Instead of helping children suffering criminal and sexual exploitation, the Met police has a “prevalent” culture of victim-blaming.
An institutional hatred towards ordinary people means the Met isn’t protecting vulnerable children. His Majesty’s Inspectorate of Constabulary and Fire & Rescue Services (HMICFRS) said the force has an “insufficient focus” on child exploitation and its response to sexual and criminal exploitation of children is “not effective”.
This comes alongside a series of other reports that reveal the nature of the police and its officers.
The report accuses the Met of not effectively understanding “the nature and scale of child sexual exploitation and child criminal exploitation in London”.
HMICFRS examined 244 Met investigations and graded over half as inadequate. It found delays in action being taken, lines of enquiry not being followed and poor supervision.
It was so concerned about the cops’ approach to dealing with missing children that it reported its concerns before the inspection ended.
The report also says victim-blaming means the risks of exploitation are ignored. It shows “officers believe children are partially or wholly responsible for the abuse that has happened to them”.
Of 60 cases involving children who had been reported missing almost all were known or believed to be sexually or criminally exploited. In 33, cops’ language implied the missing children were in some way responsible or to blame.
Officers described children as “making poor choices” or “placing herself at risk”. In 184 investigations of exploitation 22 contained victim-blaming language and 100 had no evidence that the officer spoke with the child in-person.
A 14-year-old girl was described as “seeking out sex with older men”. A 15-year-old girl was referred to as “engaged in sex work”. And a 12-year-old girl who had been raped was described as “sexually active with older men”.
The report adds that frontline staff, investigators and supervisors don’t understand the links between child sexual exploitation, criminal exploitation and missing children. And “a consistent lack of understanding of risk” means cases are often graded incorrectly.
Out of 60 cases of missing children, cops graded 38 as medium risk instead of high risk. The HMICFRS marked one grading as good, 15 requiring improvement and 43 as inadequate.
In one case a 14-year-old girl was known for being at risk of sexual exploitation and involved in county lines drug supply, and had been missing many times.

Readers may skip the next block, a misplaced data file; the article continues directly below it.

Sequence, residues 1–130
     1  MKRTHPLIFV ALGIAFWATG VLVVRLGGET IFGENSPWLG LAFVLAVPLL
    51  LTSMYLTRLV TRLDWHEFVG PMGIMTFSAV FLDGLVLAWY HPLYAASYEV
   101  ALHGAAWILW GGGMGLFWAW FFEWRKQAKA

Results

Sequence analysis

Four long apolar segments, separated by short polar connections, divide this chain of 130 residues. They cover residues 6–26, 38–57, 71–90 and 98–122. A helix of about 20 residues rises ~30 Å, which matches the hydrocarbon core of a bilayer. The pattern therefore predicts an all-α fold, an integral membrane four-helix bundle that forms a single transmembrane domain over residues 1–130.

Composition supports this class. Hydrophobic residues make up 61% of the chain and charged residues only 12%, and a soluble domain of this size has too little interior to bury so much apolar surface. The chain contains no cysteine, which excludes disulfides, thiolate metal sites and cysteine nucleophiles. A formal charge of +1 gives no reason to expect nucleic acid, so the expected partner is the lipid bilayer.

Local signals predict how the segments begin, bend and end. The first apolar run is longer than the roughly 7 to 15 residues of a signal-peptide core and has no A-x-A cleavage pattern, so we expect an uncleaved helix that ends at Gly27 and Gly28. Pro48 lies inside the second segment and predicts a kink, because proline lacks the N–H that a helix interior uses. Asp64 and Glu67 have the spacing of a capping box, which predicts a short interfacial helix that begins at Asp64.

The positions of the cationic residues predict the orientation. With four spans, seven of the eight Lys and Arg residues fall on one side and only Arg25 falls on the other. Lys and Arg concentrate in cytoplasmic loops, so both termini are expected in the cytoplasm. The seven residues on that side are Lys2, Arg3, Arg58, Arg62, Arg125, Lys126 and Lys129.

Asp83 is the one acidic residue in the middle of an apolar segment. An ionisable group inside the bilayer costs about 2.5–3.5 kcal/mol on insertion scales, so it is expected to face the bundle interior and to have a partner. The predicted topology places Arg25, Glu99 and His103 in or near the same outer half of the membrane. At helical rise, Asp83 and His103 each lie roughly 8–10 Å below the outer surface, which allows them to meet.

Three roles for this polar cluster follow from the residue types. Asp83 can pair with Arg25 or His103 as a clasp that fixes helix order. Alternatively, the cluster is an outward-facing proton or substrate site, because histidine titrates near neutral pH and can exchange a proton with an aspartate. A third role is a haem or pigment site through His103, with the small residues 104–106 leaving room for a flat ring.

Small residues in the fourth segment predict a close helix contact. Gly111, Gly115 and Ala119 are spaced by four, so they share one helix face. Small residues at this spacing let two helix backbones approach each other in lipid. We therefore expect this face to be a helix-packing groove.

An officer graded her risk as medium because “absence is not out of character … [and she] actively seeks out older men”. And despite her abuser describing himself as her “boyfriend” at 20-years-old, the cops didn’t act.
Exploitation is often missed because investigators only deal with cases in isolation. And when a child is involved in several different investigations, they are allocated to multiple investigators.
Cases are also not followed or linked often because of outdated IT systems, and because information is missed out and names misspelt.
In one case cops in-putted 12 spelling variations of the same name across two systems, and information such as disability and ethnicity is “routinely missing from reports”.
There are also “significant gaps” in efforts to stop children going missing, as officers “simply wait for them to turn up”.
Cops don’t have the “skills or knowledge” to investigate child exploitation, or any training in dealing with children. Instead they prioritise “the likelihood of a successful prosecution rather than safeguarding children”.
The report makes 11 recommendations and will reassess the Met, which is in special measures, this June.
The damning evidence shows that the cops don’t see children as vulnerable people who need protection. Instead they see them as a waste of time—whose abuse is self-inflicted.
While the findings are shocking, it shouldn’t come as a surprise from a force that was found to be institutionally misogynist, homophobic, racist and corrupt.
Keep up pressure on the streets
They targeted the Egyptian embassy
But it’s only a change of language